Apr
28
Deadline

Weight of the Nation Conference in Washington DC, USA, May 7-9, 2012. Deadline to apply (online registration closes) April 28, 2012.

Go here to read more about the conference. Check out their widgets here.

About: On May 7-9, 2012, the Centers for Disease Control and Prevention Division of Nutrition, Physical Activity, and Obesity, will host Weight of the Nation™, at the Omni Shoreham Hotel, Washington, D.C. Planning for the 2012 conference is being done by CDC with members of the planning committee.

Weight of the Nation™ is designed to provide a forum to highlight progress in the prevention and control of obesity through policy and environmental strategies, and is framed around five intervention settings: early care and education; states, tribes and communities; medical care; schools; and workplaces. Plenary and concurrent sessions will highlight impactful strategies implemented in these settings that have lead to policy and environmental supports that have improved population-level health. A key feature of the conference is a move from didactic presentations to an emphasis on interactive discussion between plenary and concurrent session panelists and the audience. Plenary sessions and concurrent forums will present case studies on the use of policy and environmental strategies within certain settings (e.g., workplaces) and sectors (e.g., law or agriculture) while concurrent sessions will discuss specific issues within the setting context (e.g., strategies to leverage built-environment initiatives to increase physical activity in workplaces).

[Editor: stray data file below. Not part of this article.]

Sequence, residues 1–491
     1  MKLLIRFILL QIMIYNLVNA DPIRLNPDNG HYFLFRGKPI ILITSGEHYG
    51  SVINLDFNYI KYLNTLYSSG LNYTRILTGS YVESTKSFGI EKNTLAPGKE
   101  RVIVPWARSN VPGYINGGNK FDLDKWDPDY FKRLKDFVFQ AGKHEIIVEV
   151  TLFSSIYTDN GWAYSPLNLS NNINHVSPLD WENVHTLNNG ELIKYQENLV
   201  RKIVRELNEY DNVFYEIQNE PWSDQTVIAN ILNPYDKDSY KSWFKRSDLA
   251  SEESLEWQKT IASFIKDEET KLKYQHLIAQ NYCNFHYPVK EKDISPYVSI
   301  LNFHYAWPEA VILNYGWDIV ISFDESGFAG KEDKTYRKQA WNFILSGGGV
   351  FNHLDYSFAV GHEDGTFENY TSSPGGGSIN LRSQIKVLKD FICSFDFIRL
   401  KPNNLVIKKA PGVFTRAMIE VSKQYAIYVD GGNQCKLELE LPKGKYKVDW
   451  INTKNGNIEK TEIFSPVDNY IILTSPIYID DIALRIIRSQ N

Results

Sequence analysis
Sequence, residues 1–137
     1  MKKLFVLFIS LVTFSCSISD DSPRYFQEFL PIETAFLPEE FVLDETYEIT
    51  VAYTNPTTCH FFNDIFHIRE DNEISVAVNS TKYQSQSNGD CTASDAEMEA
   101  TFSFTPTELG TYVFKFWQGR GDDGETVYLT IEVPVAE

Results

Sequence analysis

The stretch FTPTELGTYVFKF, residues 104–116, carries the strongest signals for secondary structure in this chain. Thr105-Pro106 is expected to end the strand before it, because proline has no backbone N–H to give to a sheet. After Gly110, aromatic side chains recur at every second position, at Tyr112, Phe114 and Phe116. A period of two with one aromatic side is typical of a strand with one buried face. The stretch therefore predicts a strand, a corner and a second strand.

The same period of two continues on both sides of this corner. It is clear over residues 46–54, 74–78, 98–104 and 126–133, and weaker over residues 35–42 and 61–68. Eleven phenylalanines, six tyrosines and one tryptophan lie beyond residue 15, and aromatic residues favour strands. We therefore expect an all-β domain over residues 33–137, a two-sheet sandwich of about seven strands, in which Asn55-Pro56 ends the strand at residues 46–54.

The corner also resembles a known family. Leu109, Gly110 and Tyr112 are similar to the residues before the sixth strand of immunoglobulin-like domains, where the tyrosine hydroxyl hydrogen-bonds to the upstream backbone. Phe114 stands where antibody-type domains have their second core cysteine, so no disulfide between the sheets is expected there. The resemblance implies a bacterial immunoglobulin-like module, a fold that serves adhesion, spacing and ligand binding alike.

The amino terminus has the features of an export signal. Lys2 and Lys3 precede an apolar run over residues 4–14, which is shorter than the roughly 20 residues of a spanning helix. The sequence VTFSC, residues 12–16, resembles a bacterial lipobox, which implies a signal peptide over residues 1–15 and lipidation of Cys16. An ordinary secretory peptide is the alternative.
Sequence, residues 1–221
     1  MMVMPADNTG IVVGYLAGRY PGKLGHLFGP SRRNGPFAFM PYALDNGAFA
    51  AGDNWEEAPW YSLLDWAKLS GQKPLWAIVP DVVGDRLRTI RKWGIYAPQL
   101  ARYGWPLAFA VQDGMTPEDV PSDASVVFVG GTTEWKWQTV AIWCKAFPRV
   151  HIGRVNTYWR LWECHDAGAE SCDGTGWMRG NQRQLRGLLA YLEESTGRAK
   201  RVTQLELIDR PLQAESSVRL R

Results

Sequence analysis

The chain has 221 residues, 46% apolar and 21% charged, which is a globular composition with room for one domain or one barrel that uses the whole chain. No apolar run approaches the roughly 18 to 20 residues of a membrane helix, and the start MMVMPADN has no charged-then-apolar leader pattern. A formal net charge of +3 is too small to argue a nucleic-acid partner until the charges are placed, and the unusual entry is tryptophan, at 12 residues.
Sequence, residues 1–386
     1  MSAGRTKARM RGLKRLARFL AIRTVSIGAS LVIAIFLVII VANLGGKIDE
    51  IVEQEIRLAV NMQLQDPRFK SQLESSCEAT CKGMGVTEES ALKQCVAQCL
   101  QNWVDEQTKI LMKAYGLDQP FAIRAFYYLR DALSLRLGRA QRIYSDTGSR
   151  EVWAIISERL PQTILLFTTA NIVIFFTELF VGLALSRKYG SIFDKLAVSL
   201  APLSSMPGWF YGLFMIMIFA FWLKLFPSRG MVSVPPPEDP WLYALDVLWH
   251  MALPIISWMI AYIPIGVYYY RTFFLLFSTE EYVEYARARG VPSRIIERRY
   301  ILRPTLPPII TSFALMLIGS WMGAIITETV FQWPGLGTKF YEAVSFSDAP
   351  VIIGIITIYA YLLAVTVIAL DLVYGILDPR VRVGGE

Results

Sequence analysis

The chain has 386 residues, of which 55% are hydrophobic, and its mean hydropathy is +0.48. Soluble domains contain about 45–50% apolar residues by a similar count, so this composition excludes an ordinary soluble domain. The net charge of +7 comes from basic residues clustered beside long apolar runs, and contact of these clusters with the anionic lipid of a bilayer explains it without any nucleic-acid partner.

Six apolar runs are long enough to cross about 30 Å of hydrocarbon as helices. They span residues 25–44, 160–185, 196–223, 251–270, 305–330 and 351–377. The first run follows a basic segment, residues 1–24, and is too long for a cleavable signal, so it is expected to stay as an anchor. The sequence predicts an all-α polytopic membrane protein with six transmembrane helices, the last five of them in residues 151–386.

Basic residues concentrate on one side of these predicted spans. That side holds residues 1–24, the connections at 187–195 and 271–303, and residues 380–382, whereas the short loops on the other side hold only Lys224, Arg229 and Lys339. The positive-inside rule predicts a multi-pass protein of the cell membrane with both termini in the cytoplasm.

Our primary audience includes elected and appointed public policy makers; federal, state and local public health leaders; as well as partners and researchers engaged in policy related obesity prevention and control initiatives.

The conference objectives are: 1. Present policy, system and environmental approaches (PSE) that show promise or demonstrated success for improving population level health per nutrition, physical activity and obesity health indicators. 2. Inform and engage policy makers on key obesity prevention priorities. 3. Learn to more effectively coordinate with media especially on defining and portraying “health” as a normative component of one’s lifestyle. 4. Increase the use of evaluation to develop and invest in impactful PSE approaches.


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